How do you measure the soul of a city?
In the case of the Mile High City, I think the Denver Broncos have been the defining element to the answer of that question. Since 1960, the Broncos have represented the city, state and region proudly.
And the one individual who paved the way in the early years was Floyd Little.
Floyd Little symbolized pro football in Denver for many years, certainly during the period before the Broncos made the playoffs and became annual championship contenders.
So meager was the state of the Denver franchise over most of its first two decades that Little was given and has since carried the nickname, "The Franchise." He was pegged with that nickname by this author back in the days when I was in radio, before my 46-year career working in pro sports.
That's where I first met Floyd.
I was a young radio sports reporter for KBTR in the early 1970s, and he treated me like I was a seasoned pro. He could not have been more polite or gracious.
Over the years we talked a lot, and he shared the defining moments of his early years, before he carried a time zone on his back as the face the entire region.
Little's beginnings were humble, and they created a value system within him that was the ideal of goodness and would last a lifetime, providing a positive influence to everyone he met along the way.
"Very, very difficult and very challenging," he once recalled. "There was a lot of adversity, and I was able to deal with those adversities on a daily basis to get better.
"I think the situation that really stands out with me was one when I was young. Growing up, my mom had six kids — I lost my dad when I was 5 or 6 years old — and I remember one day coming home from school and they had evicted us from our apartment. Our furniture was out on the sidewalk and the kids from the neighborhood were jumping up and down on the furniture and my mom was sitting on the couch crying.
"I remember putting my arms around her and telling her that as long as I lived they would never do that again to her and she would never be without a place to stay."
Floyd continued, "I got a job selling papers, shining shoes, working in a grocery store, and doing all that I could to be the leader of my family. I learned skills, leadership skills, early on in life because my mom was put on the street, and I found a place for her to stay, and then worked for the people that owned the building."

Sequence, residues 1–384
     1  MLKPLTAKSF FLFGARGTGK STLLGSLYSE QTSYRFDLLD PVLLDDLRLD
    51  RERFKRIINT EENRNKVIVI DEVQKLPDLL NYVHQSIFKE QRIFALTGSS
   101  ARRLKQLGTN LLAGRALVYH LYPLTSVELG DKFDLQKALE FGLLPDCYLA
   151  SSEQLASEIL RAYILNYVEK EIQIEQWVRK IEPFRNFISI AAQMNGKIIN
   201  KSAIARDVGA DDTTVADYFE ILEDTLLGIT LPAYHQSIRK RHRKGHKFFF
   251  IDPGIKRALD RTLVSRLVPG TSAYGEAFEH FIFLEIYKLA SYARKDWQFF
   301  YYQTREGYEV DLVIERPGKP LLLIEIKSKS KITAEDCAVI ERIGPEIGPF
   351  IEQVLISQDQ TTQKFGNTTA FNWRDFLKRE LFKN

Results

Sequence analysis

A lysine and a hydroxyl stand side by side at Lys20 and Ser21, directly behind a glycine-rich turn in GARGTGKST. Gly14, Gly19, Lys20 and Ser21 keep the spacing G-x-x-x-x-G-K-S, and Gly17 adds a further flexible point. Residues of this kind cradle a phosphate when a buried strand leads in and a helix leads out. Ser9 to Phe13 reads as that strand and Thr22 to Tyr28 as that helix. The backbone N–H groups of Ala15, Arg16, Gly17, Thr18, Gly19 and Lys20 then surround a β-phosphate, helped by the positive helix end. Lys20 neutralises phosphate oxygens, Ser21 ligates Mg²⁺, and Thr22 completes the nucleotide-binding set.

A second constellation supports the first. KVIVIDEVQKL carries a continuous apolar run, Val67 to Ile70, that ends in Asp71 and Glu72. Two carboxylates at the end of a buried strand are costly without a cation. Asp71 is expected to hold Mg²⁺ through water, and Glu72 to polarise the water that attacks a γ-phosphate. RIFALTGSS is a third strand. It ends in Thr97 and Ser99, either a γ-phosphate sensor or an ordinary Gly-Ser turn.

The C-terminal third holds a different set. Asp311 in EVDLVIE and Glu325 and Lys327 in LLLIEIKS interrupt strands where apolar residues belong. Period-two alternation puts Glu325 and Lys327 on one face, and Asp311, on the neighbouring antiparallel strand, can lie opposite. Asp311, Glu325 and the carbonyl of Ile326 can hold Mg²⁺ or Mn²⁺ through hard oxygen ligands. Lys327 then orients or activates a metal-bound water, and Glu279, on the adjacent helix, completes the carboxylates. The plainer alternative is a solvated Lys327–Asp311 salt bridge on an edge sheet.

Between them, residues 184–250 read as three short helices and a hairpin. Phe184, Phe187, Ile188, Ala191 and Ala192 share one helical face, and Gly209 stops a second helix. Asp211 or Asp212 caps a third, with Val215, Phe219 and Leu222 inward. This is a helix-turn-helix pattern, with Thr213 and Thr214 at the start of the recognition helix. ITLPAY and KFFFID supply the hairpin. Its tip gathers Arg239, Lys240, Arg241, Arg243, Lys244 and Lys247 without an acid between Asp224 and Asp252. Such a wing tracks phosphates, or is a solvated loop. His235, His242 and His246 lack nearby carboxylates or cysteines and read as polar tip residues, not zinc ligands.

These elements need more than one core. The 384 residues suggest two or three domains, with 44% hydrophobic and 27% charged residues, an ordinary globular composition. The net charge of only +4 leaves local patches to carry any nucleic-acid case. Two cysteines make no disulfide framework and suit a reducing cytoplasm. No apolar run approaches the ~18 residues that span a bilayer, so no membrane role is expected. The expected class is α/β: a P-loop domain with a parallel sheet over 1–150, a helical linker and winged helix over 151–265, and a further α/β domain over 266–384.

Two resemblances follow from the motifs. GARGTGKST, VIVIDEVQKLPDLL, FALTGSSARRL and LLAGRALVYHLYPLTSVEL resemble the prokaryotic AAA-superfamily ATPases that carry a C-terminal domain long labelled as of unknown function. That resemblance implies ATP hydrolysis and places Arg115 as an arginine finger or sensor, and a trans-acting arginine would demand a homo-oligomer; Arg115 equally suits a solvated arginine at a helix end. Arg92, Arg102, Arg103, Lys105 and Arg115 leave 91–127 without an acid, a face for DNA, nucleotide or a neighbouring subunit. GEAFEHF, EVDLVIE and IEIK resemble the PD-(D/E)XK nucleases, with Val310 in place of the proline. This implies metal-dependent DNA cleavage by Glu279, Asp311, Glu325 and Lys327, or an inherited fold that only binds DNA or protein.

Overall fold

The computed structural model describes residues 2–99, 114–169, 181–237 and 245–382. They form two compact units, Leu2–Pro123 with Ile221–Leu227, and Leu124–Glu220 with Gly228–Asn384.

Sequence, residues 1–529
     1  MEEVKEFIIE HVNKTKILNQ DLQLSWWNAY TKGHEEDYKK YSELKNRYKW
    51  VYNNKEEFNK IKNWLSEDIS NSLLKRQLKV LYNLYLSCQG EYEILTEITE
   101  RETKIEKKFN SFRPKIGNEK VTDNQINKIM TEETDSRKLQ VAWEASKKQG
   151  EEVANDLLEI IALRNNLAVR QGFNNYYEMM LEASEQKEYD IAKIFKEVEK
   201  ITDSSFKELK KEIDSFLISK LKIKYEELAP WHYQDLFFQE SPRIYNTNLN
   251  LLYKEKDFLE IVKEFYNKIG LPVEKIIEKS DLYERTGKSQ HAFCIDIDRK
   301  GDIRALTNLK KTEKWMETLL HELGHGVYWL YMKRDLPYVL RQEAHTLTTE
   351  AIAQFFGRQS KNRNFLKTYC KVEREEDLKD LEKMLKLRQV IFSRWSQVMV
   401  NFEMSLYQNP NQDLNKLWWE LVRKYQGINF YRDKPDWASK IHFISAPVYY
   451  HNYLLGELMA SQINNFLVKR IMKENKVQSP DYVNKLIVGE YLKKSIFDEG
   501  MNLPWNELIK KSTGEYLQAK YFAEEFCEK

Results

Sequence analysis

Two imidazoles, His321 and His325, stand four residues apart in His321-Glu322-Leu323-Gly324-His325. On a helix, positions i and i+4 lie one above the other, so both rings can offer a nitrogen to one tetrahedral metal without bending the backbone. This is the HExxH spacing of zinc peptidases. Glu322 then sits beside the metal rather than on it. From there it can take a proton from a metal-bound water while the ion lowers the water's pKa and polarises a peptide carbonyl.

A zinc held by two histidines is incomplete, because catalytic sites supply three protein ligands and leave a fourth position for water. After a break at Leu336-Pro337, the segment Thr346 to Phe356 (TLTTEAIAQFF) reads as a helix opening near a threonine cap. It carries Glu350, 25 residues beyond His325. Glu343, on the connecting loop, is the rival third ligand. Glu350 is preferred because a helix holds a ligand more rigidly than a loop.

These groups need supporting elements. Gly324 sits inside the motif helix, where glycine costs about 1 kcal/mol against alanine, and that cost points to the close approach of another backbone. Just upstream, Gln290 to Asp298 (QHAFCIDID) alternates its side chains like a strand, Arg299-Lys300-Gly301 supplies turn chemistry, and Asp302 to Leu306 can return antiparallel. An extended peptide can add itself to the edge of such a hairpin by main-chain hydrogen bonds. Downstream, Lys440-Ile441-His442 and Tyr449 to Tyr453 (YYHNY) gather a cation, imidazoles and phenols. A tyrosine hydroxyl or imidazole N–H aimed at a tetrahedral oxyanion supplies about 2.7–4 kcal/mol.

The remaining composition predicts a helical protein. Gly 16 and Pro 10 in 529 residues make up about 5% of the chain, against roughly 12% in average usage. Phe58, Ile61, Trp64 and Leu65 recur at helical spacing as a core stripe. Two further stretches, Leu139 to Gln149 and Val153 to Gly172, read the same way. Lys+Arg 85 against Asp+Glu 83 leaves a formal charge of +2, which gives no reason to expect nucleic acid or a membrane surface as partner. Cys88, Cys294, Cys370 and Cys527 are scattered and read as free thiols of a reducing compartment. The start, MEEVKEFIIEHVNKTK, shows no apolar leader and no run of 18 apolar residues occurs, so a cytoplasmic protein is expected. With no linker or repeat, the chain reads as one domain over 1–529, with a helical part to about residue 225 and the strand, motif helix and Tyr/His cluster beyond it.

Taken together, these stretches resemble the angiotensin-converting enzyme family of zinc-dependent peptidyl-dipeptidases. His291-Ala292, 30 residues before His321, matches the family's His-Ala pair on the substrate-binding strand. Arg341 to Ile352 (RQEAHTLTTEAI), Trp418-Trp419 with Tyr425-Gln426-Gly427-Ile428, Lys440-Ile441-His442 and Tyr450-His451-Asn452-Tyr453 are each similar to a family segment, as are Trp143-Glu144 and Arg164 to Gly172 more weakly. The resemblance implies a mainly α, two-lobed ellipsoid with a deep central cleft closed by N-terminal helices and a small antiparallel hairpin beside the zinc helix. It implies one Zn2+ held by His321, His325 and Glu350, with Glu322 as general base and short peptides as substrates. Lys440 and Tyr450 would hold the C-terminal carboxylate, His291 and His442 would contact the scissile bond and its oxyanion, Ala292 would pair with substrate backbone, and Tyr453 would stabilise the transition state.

He grew up fast and greatness was growing within him.
An accomplished high school athlete, Little felt that his academics needed refinement to compete academically at the best colleges. "I went to a military school [the Bordentown Military Institute] and learned to do the necessary things that were important in terms of discipline integrity and character, all of those things that are intangibles."
His value system and athletic abilities were such that he was personally recruited by U.S. Army General Douglas MacArthur to go to West Point in a meeting at the fabled Waldorf-Astoria.
He could become a general, MacArthur told him.
But Floyd had already promised Heisman Trophy winner Ernie Davis that he would go to Syracuse. And when Davis later died of leukemia, Little felt honor-bound to attend Syracuse.
There he wore the number 44 that Davis and Jim Brown had worn before, and there are statues of all three men outside Syracuse athletic facility.
Little fondly remembered the impact Davis made on him. "The first African-American to win the Heisman, he was the pillar of what I wanted to be and what my family wanted me to be. He was the picture of what you would want anybody to be."
Floyd continued, "Davis talked about Jim Brown and his influence on him. His obligation to replace Brown, and to replace himself with someone like me was inspiring."
Before Little and Denver fell in love at first sight, the East Coast native recalled to me his reaction to the news that he had been drafted by Denver.
"I was not happy," Little recalled. "When Denver drafted me I was like, 'Where the hell is Denver?' I could not believe it when I got the call from [head coach] Lou Saban that they drafted me to the Denver Broncos. I was like, 'You have got to be kidding me.' I could not believe it 'til I flew out here to meet Lou Saban. I was just amazed and fell in love with Denver the first day that I saw it."
And Denver fell in love with him right away. The first bona fide national superstar in Broncos history, Floyd was coming to a team and city hungry for success and an identity in pro football.
He supplied the cornerstone for building franchise respect by maintaining a sterling, Hall of Fame standard of play and a quality of leadership matched very few times since.
Every time I ever called Floyd, he answered the phone or called me back. He never said no to a request and always delivered more than he promised.
I could go on and on, but you have already read the great statistics and moments of his career over and over.
Some guys, you know you will miss them forever. Floyd Little is like that for me.